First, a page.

The Many Ways China Can Hit Back at Trump, From Taxes to Probes
(Bloomberg) -- With U.S. President Donald Trump ready to slap tariffs on $50 billion worth of Chinese goods, the question now is how Beijing will respond.
China said Thursday it would take “all necessary measures” to defend its interests, without mentioning anything specific. Expectations are growing that President Xi Jinping won’t hold back.
"China’s countermeasures will be extraordinary and unconventional," said Gao Zhikai, a former Beijing-based diplomat and former vice president of crude oil giant CNOOC Ltd. "The reported $50 billion of tariffs against China are weapons of mass destruction for trade. They will violate WTO rules and leave no way out for China."
Xi also has domestic reasons to appear tough. He can’t show any weakness after lawmakers in Beijing this month made him “supreme leader for life,” said James McGregor, China chairman of the consultancy APCO Worldwide, which advises foreign companies.
“China is going to have to blast back,” he said. Xi’s government "has an endless number of levers it can pull on foreign companies in China."
Among the range of options available, a number of them can be implemented straight away. Others, however, would take more time. Here are some:
Delays, Inspections, Investigations
China can quickly throw up non-tariff obstacles to trade, stepping up safety inspections and delaying paperwork essential for goods to make it into the country. It’s an under-the-radar approach China has often used to advance its geopolitical goals in Asia.
During a standoff over the Scarborough Shoal in the South China Sea in 2012, China told tourists to avoid unnecessary travel to the Philippines and increased quarantine and inspection of fruit shipped from the country. In 2010, China stopped giving Japan export licenses for rare earth metals needed for cars and electronics amid tensions over disputed East China Sea islands.
Another option is for China to impose special additional duties on locally made products exported to the U.S. Companies like Apple Inc. and other consumer goods and electronics giants would suffer if China imposes a duty on exported products. Such a move would hit U.S. companies and consumers hard, though would also risk hurting Chinese industry in the crossfire.
While China could hit Trump with retaliatory tariffs, it has long said it wants to follow World Trade Organization rules. The WTO’s dispute settlement mechanism calls for the two sides to negotiate over a 60-day period, after which the case goes to a panel that can decide whether a retaliatory tariff is appropriate, according to Olga Boltenko, chairperson of the committee on commercial law and practice at the International Chamber of Commerce in Hong Kong.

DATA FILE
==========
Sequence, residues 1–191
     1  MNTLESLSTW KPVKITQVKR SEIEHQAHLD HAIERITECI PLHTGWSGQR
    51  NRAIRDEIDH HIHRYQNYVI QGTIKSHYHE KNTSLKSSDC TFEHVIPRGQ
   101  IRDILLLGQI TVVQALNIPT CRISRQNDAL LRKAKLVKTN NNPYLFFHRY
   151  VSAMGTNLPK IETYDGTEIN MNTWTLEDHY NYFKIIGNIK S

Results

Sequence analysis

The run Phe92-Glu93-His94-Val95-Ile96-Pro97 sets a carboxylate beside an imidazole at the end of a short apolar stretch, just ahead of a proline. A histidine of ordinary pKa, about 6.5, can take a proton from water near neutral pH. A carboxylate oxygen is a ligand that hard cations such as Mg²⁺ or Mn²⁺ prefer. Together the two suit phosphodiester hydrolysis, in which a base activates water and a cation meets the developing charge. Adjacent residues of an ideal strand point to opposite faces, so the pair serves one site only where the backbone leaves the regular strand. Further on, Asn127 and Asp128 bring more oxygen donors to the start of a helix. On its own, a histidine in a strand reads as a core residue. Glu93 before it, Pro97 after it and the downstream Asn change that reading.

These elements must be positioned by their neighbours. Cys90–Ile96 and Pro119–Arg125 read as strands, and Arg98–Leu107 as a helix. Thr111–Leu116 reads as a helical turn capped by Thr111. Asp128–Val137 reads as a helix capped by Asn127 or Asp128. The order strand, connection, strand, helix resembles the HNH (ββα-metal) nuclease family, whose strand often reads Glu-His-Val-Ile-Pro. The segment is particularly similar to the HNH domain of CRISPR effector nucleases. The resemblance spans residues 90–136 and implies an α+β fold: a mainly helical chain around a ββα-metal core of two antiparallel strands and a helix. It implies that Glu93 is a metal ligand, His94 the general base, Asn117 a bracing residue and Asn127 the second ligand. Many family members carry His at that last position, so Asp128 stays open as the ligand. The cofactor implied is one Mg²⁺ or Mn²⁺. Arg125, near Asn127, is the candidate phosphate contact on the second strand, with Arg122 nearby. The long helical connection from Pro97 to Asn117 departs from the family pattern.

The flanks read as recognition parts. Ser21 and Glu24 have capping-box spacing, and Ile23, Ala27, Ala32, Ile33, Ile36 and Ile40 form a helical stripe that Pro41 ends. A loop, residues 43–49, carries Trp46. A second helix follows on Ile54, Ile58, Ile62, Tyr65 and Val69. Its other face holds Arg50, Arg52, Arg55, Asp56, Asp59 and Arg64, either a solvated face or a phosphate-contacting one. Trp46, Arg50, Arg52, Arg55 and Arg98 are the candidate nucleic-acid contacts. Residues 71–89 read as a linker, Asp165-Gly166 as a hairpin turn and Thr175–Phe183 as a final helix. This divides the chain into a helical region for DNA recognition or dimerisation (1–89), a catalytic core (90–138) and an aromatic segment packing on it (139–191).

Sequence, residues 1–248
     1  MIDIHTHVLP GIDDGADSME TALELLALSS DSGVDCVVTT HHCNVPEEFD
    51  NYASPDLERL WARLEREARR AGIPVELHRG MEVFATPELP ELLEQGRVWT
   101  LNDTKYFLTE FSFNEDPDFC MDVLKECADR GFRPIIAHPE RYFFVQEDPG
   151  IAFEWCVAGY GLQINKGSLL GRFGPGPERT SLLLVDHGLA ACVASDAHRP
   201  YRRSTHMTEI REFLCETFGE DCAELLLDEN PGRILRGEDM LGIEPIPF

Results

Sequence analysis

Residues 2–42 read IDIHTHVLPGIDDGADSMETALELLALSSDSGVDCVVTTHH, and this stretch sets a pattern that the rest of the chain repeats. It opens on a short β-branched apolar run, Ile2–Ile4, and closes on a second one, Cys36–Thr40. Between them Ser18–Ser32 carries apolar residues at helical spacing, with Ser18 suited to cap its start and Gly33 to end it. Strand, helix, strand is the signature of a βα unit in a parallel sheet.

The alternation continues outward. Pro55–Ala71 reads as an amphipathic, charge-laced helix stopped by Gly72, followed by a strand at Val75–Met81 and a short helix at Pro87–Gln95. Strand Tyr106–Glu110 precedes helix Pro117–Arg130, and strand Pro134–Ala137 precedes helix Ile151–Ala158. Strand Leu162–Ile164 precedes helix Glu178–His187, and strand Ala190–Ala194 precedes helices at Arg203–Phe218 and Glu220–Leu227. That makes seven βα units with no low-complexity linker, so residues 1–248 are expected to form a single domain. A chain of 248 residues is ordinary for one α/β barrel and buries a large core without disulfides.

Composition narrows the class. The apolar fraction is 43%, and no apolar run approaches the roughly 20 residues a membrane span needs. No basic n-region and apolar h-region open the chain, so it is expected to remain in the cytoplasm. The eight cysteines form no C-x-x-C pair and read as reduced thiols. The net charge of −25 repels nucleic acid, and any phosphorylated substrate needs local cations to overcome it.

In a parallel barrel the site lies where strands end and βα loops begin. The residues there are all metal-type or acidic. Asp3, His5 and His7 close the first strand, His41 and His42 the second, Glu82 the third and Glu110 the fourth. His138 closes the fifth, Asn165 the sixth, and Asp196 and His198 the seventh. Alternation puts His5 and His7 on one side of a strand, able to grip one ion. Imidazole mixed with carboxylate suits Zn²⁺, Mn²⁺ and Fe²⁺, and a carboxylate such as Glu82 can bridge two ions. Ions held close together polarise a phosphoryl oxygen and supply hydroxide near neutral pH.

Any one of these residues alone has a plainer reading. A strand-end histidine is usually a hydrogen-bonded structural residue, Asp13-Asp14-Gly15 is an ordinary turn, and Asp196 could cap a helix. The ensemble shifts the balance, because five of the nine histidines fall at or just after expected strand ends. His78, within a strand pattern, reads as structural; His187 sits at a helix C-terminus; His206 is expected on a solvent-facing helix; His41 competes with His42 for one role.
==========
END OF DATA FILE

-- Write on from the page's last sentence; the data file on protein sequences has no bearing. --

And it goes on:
Xi’s government has already launched a probe into U.S. imports of sorghum, and is studying whether to restrict shipments of U.S. soybeans. Those targets and other crops could hurt Trump’s support in some politically important farming states.
China can also threaten U.S. companies’ access to its government procurement market, which China says is worth 3.1 trillion yuan ($490 billion). Companies from Boeing Co. to Cisco Systems Inc. would be at risk of losing out. Since China isn’t a signatory to the WTO’s rules on government procurement, it would be relatively free to employ this weapon.
"China has already replaced a lot of foreign service providers with domestic players in government procurement, and the potential trade war will accelerate that process," said Tao Jingzhou, a managing partner at Dechert LLP in Beijing.
Squeezing U.S. Companies in China
Another quick way China can strike back would be to disrupt the operations of U.S. multinationals in China. That could include anything from actions by customs officials, financial regulators, quality inspectors, anti-trust bodies, environmental authorities, consumer groups or economic planning bodies.
This allows Chinese officials to deny they are targeting foreign companies, citing the need to adhere to local laws and regulations. After South Korea’s Lotte Group agreed to sell the Korean government land for a U.S. anti-missile system known as Thaad, Chinese authorities suspended operations at more than half of the company’s stores in China for alleged fire safety violations.
Thwarting Trump on North Korea, Opioids
A final, longer term option is for China to obstruct Trump’s ability to make progress on his other foreign policy goals. Trump has been clear that he expects China’s help to rid North Korea of nuclear weapons and halt drugs that contribute to the U.S. opioid crisis. In the future, he’s likely to need it in dealing with Iran.
To contact Bloomberg News staff for this story: Peter Martin in Beijing at email@example.com, Kevin Hamlin in Beijing at firstname.lastname@example.org, Miao Han in Beijing at email@example.com.
©2018 Bloomberg L.P.
With assistance from Peter Martin, Kevin Hamlin, Miao Han